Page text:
As the deadly Russia/Ukraine conflict enters its second week, experts are warning of a less visible yet formidable threat by invaders.
Potential waves of cyber-attacks from Kremlin hackers have been on the radar and already several countries have taken steps to prevent any destabilisation.
According to senior strategic business and information technology executive Donny Ramdathsingh, citizens in T&T should be vigilant.
Speaking with Guardian Media on Friday, Ramdathsingh noted that the onslaught of attacks could lead to a wider digital conflict.
He said, “Nobody knows how far it’s going to escalate. What we’ve seen so far is some software not known before, so nobody will know for certain how deep this goes. All we could do is look and keep updated, have your backups and prepare.”
The CEO of Caribbean Tech Trendz Ltd warned of the disastrous effects of a cyber-attack.
“In very clear terms, a cyber-attack can cripple computer systems meaning that for example, a company may lose money because their website is inaccessible, or as we have seen on TV in last couple days, the public sector can be stopped from offering essential services,” he noted.
Digital anthropologist Daren Dhoray explained how cyber-attacks in Ukraine could spill over into other territories.
He said, “The thing is, this malware or bad software really doesn’t care if you are from Ukraine or Trinidad or the US or Canada. It might be developed to target a particular location, but it’s not far to think that software can reach right here in Trinidad.”
Dhoray said hackers could force systems to crash with just one wrong click of a mouse.
“You could be downloading malware, you could be installing ransomware and those could lead towards wiping your entire machine.”
Dhoray, just like Ramdathsingh, has had his eyes focused on the Russia/Ukraine conflict and emerging cybersecurity threats.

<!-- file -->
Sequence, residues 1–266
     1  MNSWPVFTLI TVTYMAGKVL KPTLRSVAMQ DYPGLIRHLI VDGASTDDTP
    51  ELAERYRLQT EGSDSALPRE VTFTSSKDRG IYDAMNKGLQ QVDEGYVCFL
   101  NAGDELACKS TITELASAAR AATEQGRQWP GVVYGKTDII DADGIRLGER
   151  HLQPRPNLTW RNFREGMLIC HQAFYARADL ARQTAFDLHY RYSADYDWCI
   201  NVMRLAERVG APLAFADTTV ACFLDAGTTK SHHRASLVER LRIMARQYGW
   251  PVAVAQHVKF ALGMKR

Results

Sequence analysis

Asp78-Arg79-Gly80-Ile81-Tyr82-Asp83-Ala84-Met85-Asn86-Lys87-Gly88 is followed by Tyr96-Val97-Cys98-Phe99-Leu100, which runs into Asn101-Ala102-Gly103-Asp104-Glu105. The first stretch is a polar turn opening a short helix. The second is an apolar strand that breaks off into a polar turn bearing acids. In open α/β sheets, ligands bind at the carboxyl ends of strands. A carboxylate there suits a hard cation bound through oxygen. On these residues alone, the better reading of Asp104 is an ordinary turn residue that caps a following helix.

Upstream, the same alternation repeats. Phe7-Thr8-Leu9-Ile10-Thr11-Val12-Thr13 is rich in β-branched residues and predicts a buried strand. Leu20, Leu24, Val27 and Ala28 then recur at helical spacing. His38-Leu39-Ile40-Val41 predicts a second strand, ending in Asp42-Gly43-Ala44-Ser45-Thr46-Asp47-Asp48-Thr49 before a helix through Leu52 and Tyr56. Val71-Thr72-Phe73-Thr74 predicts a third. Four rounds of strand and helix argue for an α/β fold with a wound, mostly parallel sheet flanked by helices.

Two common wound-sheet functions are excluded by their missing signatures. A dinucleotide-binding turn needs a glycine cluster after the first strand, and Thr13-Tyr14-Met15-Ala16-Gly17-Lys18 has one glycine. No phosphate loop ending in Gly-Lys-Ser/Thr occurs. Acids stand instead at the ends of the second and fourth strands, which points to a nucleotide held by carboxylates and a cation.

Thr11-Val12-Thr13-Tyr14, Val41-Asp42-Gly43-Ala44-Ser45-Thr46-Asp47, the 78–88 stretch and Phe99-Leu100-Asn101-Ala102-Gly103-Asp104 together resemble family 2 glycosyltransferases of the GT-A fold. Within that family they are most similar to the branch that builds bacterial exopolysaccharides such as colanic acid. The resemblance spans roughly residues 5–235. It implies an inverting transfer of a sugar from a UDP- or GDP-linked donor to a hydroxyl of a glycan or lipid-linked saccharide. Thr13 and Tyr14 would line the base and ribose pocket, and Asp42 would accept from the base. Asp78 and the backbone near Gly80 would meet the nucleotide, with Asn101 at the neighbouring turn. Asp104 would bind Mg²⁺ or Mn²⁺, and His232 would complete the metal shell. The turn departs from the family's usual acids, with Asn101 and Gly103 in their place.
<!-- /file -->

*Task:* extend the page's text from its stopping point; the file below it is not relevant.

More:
He said although there were several ways for a cyber-attack to take place, one in particular raises a main concern.
“Consider this—you can have cyber warfare happening at disinformation level so spreading propaganda, spreading disinformation and convincing a group of individuals to go against another group and that’s all happening in the social space and that can have far-reaching consequences as it moves away from a digital space to a physical way,” he said,
If Russia’s cyberwarfare escalates, IOT infrastructure engineer and owner of Zeal Technologies Shane Lela says, there are steps people can take to protect themselves.
These include keeping your anti-virus software up to date, choosing strong passwords, using only trusted Wi-Fi resources and avoid giving out your personal information.
Lela also cautioned people about being lured into questionable social media pop-ups or sites asking for aid for Ukraine.
“Threats can arise from spoofing help and aid to Ukraine. Most of the financial institutions are being restricted for Russia but Russia can probably seek aid from other countries pretending to be Ukraine,” Lela said.
Several local companies are already strengthening their defences. The ANSA McAL group IT department has advised employees to be extra vigilant and cautious in dealing with correspondence, particularly from external sources.